Grow Your Own: Harnessing Muller Glia for Retinal Regeneration
Eye On the Cure Research News
There’s hope for retinal regeneration for humans, thanks to Foundation-funded researcher Dr. Thomas Reh, who is investigating how to derive new photoreceptors from retinal cells called Muller glia.
As I wind down the week at the annual meeting of the Association for Research in Vision and Ophthalmology (ARVO), I'd like to introduce an intriguing therapeutic approach to retinal degeneration that would be a home run if perfected. It's called retinal regeneration, and it happens to be right in line with the National Eye Institute's life-changing audacious goal, announced on Monday: "to regenerate the neurons and neural connections in the eye and visual system."
One reason that retinal degenerations are so devastating is that, once photoreceptors are lost, they don't grow back. As you may know, the Foundation is funding a number of promising projects to replace lost retinal cells with those derived from a number of sources, including a patient's own skin or blood.
But a potentially more elegant approach to overcoming retinal degenerative diseases would be to stimulate the patient's retina to regenerate its own photoreceptors. In some animals — namely, fish and amphibians — the retina can regenerate. Unfortunately, such is not the case in people — at least not yet.
But there's hope for retinal regeneration for humans, thanks to Foundation-funded researcher Dr. Thomas Reh, who has reported progress on this treatment approach at a couple of ARVO sessions. Dr. Reh is investigating how to derive new photoreceptors from retinal cells called Muller glia. In the developed retina, Muller glia provide architectural support and a number of protective and waste-disposal functions.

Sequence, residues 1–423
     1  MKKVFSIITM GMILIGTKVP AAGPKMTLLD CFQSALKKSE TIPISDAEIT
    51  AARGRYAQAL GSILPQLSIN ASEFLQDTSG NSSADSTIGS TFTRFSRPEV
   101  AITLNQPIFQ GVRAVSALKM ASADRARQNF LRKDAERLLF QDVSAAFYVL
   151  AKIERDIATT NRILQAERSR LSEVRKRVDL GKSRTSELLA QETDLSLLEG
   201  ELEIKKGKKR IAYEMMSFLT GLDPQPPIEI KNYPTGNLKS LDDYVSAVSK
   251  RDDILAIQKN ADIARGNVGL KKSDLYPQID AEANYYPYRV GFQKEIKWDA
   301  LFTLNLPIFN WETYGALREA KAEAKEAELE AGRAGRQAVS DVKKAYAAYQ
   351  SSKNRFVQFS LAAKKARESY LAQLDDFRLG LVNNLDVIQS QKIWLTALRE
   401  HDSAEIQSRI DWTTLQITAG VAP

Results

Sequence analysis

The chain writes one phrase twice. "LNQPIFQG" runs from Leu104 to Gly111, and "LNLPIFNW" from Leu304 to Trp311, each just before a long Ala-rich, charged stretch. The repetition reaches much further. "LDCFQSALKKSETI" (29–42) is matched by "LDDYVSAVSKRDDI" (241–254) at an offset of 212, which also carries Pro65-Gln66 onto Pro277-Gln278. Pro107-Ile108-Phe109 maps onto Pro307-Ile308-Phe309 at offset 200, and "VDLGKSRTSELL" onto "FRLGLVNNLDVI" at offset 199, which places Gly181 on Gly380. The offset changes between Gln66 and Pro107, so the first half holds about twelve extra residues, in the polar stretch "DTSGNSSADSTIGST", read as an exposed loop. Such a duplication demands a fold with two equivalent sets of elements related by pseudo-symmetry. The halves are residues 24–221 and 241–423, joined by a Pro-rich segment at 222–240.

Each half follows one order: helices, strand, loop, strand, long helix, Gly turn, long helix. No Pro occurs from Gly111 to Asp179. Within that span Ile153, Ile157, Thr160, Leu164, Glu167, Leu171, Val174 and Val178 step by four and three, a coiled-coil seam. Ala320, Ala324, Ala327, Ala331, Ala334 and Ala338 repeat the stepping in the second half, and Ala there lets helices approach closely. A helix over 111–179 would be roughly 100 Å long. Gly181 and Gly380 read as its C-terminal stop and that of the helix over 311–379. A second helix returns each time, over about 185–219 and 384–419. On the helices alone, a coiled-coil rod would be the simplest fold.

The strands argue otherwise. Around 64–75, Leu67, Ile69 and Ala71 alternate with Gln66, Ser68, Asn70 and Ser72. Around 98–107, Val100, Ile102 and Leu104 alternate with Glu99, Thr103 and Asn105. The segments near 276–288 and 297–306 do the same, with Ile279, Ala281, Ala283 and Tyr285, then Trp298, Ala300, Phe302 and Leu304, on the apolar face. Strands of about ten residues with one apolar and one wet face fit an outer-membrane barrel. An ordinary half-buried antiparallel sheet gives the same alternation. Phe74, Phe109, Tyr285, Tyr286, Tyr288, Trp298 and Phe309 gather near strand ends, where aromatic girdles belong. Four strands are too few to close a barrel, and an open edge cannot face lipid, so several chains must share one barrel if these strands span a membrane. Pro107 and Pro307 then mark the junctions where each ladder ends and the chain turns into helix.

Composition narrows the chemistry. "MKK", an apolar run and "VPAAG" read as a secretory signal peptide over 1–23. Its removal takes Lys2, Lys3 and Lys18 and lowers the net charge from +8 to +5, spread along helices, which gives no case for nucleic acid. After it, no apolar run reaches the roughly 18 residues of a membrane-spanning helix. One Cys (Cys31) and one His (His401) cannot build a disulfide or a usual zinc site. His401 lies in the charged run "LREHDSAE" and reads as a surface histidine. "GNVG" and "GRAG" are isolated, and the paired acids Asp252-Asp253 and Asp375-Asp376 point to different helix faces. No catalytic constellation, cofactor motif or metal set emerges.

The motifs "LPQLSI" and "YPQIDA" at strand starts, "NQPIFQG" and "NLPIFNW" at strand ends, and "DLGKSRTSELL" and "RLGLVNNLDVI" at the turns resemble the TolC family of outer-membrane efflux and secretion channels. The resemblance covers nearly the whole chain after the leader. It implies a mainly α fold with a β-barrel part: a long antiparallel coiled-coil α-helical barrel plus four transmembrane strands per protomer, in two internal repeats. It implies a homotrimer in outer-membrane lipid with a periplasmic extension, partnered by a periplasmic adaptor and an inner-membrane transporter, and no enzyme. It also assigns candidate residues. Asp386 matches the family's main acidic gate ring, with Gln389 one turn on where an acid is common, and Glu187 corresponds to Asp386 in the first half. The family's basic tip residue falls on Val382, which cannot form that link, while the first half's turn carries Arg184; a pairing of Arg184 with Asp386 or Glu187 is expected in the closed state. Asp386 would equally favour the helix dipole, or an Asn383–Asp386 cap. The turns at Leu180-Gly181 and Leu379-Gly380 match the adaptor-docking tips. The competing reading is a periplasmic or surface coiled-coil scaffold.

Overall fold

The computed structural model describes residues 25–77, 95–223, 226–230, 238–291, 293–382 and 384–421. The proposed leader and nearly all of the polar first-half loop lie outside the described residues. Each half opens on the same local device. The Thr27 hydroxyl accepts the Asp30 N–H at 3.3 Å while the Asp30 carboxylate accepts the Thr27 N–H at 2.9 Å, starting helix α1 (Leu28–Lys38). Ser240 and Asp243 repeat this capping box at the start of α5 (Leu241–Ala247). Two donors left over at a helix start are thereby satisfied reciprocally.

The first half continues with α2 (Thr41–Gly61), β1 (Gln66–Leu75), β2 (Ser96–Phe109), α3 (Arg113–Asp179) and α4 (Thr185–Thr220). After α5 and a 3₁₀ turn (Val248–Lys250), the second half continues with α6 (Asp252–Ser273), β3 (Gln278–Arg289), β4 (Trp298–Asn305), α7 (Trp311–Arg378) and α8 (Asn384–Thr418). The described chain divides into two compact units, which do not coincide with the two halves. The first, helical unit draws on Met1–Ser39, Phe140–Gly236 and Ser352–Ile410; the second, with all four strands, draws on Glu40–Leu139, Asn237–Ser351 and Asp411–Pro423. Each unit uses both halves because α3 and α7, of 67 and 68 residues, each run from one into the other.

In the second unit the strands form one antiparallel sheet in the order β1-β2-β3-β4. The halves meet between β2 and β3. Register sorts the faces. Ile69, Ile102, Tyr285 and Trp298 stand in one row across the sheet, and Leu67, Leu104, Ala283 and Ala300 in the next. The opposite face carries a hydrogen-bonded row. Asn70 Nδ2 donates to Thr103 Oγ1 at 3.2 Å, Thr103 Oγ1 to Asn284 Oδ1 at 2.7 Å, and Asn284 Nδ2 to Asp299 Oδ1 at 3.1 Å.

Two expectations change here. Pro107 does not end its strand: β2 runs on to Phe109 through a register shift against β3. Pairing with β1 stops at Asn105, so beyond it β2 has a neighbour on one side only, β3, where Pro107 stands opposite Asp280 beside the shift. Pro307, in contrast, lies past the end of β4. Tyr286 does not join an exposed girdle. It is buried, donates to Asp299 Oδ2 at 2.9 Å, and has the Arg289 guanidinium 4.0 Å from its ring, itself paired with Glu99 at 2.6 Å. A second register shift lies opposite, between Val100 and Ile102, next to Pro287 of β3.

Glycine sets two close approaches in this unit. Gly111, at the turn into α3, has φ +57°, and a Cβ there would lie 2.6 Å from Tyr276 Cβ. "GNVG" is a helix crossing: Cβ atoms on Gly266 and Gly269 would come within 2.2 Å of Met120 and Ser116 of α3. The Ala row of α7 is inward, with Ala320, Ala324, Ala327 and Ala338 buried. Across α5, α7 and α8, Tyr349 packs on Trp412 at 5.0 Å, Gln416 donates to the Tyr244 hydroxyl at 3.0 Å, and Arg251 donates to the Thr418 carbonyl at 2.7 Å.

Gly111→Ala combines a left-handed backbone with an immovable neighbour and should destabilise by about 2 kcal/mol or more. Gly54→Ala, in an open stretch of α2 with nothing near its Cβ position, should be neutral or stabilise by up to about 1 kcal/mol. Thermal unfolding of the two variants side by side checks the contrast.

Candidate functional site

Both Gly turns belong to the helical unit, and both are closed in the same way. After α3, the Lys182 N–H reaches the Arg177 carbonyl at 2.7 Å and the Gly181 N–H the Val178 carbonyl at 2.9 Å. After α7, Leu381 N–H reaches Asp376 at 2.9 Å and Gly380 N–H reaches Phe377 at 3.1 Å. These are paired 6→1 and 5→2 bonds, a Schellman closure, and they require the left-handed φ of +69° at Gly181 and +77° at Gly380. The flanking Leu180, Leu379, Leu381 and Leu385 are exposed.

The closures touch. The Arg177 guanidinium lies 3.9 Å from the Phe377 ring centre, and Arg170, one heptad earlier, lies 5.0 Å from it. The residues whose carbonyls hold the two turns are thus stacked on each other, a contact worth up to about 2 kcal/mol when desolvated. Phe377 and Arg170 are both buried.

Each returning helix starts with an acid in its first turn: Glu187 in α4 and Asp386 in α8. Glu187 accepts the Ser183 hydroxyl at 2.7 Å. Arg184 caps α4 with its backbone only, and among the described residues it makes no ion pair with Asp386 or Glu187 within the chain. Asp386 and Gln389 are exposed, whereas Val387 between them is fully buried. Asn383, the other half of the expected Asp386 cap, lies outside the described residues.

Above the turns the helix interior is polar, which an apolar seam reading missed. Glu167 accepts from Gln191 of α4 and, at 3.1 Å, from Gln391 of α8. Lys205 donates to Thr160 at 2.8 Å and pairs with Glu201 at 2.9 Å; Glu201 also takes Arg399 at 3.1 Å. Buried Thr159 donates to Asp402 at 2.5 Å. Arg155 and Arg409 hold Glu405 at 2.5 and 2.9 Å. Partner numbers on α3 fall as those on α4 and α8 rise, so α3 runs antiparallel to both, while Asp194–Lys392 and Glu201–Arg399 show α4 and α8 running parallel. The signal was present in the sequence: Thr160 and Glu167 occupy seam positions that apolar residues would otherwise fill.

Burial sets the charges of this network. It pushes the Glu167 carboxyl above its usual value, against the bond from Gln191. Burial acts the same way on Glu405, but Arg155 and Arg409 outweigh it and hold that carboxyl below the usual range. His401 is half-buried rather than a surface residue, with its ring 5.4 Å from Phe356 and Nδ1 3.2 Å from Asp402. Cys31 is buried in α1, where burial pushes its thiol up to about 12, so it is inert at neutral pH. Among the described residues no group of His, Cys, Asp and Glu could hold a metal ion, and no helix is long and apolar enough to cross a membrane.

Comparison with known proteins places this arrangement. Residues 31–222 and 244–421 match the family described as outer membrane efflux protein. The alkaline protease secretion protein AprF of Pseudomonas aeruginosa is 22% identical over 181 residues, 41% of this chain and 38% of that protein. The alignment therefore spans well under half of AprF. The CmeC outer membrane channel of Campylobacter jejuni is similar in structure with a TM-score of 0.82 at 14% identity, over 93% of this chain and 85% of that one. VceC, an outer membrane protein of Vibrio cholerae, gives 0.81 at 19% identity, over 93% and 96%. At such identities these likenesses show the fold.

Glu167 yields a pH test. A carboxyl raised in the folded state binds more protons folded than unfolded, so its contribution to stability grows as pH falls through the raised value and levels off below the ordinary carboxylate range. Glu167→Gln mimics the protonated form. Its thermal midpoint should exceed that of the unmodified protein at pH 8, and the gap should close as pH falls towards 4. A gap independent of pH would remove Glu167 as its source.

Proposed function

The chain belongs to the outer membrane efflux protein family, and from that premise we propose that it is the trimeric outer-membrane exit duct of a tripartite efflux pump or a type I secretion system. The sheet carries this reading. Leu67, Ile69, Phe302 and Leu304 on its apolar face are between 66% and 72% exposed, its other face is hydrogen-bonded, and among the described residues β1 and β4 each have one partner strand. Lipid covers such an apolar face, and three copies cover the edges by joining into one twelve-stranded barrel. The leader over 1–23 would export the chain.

But Dr. Reh has shown that Muller glia can be reprogrammed in a dish to become neurons — cells that are closely related to photoreceptors. Much more work remains, but if he can derive photoreceptors from Muller glia in a mammal such as a mouse, it would be a major step toward making retinal regeneration possible in humans.
A key benefit of a regenerative treatment is that researchers don't have to worry about getting transplanted cells to functionally integrate with the patient's exiting retina. That's a big hurdle at the moment. Regeneration would also eliminate the concern of potential immune reactions that might come from newly introduced photoreceptors.
At this stage of the game, retinal regeneration is definitely an audacious goal; unlike stem cell therapies now in clinical trials, regeneration is several years away from becoming a reality. But we have to keep thinking big. Just 15 years ago, we had no idea that we could even grow new retinal tissue from stem cells. But we have come a long way since then.
Finally, please keep in mind that the ARVO meeting is just a snapshot of where the research is today. We are making new advancements all the time, and our progress is accelerating like never before. Is it fast enough? Absolutely not. But we have the audacity to keep urgently driving the research until everyone can see.